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The Poems of Emily Dickinson – Part II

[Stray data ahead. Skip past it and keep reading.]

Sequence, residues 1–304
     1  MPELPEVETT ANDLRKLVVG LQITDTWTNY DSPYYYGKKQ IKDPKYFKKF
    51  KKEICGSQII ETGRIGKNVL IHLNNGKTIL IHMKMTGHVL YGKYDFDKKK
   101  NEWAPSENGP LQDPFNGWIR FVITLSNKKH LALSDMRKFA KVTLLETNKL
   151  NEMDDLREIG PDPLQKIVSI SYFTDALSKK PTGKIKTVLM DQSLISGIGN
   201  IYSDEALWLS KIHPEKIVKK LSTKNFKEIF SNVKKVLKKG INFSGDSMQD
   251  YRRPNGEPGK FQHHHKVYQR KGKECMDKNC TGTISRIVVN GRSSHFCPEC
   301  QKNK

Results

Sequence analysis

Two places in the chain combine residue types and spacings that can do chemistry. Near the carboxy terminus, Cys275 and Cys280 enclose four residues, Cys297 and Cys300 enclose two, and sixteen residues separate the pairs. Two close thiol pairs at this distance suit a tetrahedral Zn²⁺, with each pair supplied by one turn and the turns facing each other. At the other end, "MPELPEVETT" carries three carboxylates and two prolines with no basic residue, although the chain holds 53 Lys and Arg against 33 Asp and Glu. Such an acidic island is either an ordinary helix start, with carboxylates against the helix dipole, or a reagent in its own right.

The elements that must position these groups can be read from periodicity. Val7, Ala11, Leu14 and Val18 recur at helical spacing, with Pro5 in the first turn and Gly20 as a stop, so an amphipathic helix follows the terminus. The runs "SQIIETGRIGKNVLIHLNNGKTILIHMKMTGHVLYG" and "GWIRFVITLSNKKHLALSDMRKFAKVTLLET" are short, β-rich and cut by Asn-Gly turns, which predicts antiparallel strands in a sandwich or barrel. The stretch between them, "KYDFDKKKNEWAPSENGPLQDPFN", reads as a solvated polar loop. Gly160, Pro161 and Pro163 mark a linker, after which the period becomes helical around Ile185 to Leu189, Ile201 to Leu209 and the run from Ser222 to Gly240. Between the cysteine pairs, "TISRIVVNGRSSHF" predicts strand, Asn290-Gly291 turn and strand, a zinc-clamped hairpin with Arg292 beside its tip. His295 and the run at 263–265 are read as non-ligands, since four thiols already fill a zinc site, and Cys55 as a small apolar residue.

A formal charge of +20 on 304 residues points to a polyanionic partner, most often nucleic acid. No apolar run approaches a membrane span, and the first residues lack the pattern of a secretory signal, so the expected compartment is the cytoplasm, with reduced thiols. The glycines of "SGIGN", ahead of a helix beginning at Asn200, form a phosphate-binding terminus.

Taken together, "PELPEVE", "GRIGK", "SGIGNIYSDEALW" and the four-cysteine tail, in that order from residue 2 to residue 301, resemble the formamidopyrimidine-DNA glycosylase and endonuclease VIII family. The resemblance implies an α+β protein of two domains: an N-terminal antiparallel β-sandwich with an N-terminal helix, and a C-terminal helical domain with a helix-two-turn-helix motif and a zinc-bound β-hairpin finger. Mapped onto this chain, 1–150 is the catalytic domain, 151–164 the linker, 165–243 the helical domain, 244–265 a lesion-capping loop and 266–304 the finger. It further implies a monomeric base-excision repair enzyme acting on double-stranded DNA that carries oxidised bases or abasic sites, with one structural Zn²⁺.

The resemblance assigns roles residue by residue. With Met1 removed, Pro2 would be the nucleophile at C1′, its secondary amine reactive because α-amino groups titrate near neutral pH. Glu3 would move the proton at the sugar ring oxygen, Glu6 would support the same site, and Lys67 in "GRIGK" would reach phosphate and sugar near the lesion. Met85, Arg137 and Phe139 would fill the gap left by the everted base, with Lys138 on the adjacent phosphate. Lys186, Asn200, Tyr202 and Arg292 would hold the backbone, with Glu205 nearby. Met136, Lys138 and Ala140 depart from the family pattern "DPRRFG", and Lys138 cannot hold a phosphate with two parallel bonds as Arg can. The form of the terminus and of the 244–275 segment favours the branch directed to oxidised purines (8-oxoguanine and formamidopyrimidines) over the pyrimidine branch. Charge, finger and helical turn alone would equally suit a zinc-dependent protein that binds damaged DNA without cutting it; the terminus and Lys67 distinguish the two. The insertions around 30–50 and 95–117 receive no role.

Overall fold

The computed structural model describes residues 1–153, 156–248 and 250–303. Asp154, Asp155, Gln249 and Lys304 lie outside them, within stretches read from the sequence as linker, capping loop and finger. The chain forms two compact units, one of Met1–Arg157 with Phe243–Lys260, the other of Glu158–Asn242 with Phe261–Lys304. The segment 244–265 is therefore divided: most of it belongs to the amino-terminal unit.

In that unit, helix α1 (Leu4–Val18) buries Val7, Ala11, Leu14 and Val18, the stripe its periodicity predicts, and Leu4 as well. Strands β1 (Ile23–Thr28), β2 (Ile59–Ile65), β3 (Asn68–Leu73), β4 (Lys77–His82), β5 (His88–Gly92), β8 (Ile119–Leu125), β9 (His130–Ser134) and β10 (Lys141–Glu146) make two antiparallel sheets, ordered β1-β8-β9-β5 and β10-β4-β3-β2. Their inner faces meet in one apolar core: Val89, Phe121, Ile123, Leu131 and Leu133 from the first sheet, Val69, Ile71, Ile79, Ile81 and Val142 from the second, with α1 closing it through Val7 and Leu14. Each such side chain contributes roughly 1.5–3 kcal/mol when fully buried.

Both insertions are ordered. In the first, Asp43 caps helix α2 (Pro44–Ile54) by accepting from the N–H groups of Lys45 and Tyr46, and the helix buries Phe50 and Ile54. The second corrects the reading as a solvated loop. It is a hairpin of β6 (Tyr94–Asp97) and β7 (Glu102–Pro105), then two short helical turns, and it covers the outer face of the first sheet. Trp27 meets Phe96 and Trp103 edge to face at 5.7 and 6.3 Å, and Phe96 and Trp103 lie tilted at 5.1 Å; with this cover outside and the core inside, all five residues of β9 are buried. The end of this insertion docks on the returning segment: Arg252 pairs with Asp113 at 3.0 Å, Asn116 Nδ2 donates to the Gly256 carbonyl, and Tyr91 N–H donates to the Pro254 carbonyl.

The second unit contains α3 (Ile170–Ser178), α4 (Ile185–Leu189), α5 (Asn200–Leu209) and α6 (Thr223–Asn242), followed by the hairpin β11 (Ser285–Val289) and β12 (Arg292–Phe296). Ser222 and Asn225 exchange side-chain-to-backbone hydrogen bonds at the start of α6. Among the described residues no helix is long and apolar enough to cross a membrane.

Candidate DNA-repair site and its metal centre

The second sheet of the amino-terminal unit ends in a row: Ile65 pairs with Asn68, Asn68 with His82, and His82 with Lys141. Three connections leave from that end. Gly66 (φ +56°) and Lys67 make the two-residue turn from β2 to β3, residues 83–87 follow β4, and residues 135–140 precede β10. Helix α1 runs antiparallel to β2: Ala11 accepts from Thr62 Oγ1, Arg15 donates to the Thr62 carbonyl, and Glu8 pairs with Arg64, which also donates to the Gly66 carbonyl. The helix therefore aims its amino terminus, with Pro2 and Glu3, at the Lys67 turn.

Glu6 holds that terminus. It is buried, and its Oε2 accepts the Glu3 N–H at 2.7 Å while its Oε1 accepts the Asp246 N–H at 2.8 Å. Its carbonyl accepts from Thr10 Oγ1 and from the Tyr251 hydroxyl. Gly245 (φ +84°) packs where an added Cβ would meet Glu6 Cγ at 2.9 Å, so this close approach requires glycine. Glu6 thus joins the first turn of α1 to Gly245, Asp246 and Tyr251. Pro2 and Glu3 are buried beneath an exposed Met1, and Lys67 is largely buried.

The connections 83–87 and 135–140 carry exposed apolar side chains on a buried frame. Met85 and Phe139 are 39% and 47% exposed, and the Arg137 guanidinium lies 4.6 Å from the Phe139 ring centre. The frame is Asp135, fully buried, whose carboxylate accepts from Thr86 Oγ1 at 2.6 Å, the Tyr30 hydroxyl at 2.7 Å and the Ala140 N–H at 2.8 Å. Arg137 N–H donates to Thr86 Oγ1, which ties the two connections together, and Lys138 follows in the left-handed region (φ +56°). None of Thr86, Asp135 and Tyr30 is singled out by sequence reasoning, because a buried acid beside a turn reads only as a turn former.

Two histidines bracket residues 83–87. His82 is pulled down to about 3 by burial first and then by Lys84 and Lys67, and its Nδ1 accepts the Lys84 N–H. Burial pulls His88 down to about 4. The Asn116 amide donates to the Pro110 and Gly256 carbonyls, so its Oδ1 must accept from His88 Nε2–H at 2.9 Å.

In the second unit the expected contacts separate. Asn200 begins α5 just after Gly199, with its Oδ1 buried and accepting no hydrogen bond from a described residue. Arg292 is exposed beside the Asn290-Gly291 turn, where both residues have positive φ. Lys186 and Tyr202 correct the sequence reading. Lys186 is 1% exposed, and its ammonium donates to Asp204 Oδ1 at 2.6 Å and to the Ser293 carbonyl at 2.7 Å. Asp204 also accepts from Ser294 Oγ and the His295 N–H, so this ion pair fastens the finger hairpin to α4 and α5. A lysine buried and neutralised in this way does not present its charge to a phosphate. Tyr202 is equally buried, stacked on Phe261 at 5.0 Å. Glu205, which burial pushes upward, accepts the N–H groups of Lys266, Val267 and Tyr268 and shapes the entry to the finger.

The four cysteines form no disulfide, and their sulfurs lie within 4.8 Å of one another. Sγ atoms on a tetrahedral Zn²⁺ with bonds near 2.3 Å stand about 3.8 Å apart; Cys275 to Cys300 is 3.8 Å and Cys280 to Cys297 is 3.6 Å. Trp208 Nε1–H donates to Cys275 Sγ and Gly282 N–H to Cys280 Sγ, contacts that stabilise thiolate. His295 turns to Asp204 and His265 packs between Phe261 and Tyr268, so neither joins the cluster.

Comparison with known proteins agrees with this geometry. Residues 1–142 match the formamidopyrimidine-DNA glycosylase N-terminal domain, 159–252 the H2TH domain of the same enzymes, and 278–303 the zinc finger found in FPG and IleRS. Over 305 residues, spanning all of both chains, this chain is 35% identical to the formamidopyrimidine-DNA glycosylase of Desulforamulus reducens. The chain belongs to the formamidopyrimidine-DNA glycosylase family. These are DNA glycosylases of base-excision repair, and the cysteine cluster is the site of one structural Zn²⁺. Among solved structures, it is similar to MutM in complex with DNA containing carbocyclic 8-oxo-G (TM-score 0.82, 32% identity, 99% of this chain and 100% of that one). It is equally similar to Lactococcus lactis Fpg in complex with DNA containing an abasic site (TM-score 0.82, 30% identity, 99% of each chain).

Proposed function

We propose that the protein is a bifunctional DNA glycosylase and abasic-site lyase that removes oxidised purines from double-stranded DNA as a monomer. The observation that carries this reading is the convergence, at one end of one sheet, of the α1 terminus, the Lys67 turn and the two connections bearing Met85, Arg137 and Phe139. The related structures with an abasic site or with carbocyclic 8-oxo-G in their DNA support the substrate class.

Dr. White refutes the the charges made against Emily Dickinson in recent years that she was a manic-depressive with deep mental issues, explaining that she simply knew the extremes of joy and sorrow and expressed them in her poetry and that she could never have kept house for her father so efficiently if she had had severe psychological issues. The inspiration of her verse from Protestant hymns, nursery rhymes, and folk songs is demonstrated, and specific poems read and analyzed, including “Hope is the Thing with Feathers” and “I Taste a Liquor Never Brewed.” Dr. White demonstrates Dickinson’s grasp of nature’s place and criticism of the transcendentalism popular in her time, and discusses her struggle with religion as evident in the religious poetry that she wrote. Finally, he examines her attitude towards death and analyzes her famous poem “Because I Could Not Stop for Death.” These lectures are a beautiful tribute to one of America’s greatest and most humble poets.

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